Confidence really does breed success, according to a workplace and leadership expert.
It’s the key to making “very impactful decisions” in the workplace, even under pressure, says Bonnie Low-Kramen, author of “Staff Matters: People-Focused Solutions for the Ultimate New Workplace.”
The soft skill has helped boost the career of many of today’s successful leaders, Low-Kramen adds, from Apple’s Tim Cook to Warren Buffett.
“Confidence is serious business, and the single most important differentiator in the workplace,” Low-Kramen wrote in her book, which published in February. “It will be the person with high confidence and lower abilities who will get the job over the person with low confidence and higher abilities.”
Building the trait takes time, she adds, but it’s worth the “power feeling” you get afterwards.
Here are three actionable ways to build your confidence, based on Low-Kramen’s book.
Stop apologizing unnecessarily
For many people, saying “I’m sorry” after certain situations, even those that don’t require an apology, is second nature. But apologizing unnecessarily can backfire, lowering your self-esteem and making others think less of you.
This is especially true for women, Low-Kramen wrote.
“Women apologize far too often, and when we do, it indicates lower self-confidence,” she writes. “Replace ‘I’m sorry’ with ‘Thank you.’ Rather than saying ‘I’m sorry, we need to reschedule the appointment,’ say ‘Thank you for working with my schedule.'”
This approach comes off as more assertive, and makes your apologies more impactful when you use them in the right situations.
Perfect your speaking skills
Successfully getting your message across can also boost your confidence, but it’s hard to do that when you’re rambling or talking too quietly.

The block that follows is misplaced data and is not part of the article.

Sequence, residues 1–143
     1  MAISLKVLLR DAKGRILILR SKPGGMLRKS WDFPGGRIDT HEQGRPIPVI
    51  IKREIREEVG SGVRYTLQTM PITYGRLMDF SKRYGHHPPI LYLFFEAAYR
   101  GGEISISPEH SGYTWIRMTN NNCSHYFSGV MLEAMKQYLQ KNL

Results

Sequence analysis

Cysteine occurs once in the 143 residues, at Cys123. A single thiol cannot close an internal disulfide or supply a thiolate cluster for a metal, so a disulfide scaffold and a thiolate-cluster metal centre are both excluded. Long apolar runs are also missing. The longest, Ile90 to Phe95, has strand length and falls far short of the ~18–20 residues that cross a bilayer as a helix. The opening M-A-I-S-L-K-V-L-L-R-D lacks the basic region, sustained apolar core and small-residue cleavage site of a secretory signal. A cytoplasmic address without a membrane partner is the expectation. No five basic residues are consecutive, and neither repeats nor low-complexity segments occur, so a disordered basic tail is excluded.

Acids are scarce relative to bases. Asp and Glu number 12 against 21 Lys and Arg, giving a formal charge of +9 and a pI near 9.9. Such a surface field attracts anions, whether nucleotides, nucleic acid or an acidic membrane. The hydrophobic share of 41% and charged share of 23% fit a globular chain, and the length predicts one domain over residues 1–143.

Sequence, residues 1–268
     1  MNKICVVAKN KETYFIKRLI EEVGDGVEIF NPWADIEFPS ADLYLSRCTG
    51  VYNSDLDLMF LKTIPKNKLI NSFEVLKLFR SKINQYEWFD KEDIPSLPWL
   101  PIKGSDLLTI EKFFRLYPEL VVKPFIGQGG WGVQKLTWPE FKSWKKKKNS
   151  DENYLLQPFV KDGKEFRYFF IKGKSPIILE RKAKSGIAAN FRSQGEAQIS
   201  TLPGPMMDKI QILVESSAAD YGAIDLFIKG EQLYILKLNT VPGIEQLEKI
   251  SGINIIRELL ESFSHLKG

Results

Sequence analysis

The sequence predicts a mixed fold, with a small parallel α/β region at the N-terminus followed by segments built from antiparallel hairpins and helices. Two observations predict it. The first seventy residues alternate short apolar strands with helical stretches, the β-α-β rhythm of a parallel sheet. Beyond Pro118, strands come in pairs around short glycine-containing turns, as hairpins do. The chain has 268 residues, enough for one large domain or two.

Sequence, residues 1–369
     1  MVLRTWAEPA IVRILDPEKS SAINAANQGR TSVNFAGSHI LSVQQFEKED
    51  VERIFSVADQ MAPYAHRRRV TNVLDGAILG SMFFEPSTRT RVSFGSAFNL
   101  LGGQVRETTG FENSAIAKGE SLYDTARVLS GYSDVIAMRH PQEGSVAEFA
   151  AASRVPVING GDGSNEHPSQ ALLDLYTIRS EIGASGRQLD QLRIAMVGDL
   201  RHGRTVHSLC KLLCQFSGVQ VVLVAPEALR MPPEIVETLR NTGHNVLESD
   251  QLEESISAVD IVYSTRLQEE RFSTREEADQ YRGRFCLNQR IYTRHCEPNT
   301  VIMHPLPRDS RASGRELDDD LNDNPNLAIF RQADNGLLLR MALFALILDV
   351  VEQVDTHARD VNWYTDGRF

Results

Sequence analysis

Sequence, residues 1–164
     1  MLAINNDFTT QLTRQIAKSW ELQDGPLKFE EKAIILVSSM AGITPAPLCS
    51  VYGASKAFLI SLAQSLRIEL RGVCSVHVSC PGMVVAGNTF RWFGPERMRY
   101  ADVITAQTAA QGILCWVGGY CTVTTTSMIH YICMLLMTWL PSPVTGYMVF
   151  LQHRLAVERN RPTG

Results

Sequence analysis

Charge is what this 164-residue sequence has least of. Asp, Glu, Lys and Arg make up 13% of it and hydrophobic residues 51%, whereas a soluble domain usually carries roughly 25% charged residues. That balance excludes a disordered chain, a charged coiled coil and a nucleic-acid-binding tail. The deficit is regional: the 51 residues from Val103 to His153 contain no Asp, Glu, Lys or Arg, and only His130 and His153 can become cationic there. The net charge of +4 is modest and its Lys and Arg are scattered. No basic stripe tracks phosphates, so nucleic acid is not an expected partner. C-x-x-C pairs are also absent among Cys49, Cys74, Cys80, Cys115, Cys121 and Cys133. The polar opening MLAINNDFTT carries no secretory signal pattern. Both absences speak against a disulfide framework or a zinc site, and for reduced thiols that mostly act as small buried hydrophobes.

Instead, “slow it down, lower the pitch of your voice and turn up the volume” to be taken more seriously, Low-Kramen wrote.
“To speak quickly and too softly at a high pitch sends a message of low confidence. It may communicate that you just want to get a conversation over with and that your message is not worth hearing.”
Speaking publicly may be more difficult, as it’s one of the most anxiety-inducing workplace skills of them all: 15% to 30% of people actively fear it, found a 2016 study published in the Journal of Graduate Medical Education.
In these cases, leadership researcher Simon Sinek has a simple hack for easing your mind.
“What I’ve learned to do is to interlock my fingers and to hold my hands still,” he told Adam Grant’s “ReThinking” podcast in a recent episode.
Holding his hands closed helps him speak more slowly without devoting too much focus to it, allowing him to instead pay more attention to the conversation, he said.
“This wonderful physiological connection has really helped me be heard and understood by people who think [differently] than I do,” Sinek said.
Achieve your goals
Actually doing something you set out to do can have a huge positive impact on your self-esteem and confidence, Low-Kramen writes.
“The process of deciding to do something, such as to study for and gain a certification or a degree is a quantifiable achievement that no one can dispute or take away.”
Real estate mogul Barbara Corcoran experienced this firsthand. In 1973, early in her entrepreneurship journey, she recognized that all her competitors looked the part. Corcoran then set a goal to buy a fancy coat when she’d made enough money from her real estate brokerage, allowing her to also uphold a similar appearance.
She didn’t expect to reach her goal “during her first week in business.” But with her first commission check in tow, Corcoran bought the most expensive coat in Bergdorf Goodman, a $320 wool coat with a black and white print.
The accomplishment significantly boosted her confidence, she said in a recent TikTok video.
“My new coat made me feel just like the big deal I hoped to become,” she said. “I wore my coat for the next four years, and it was the best investment I ever made. In my coat, I worked like crazy to become as successful as I already looked.”
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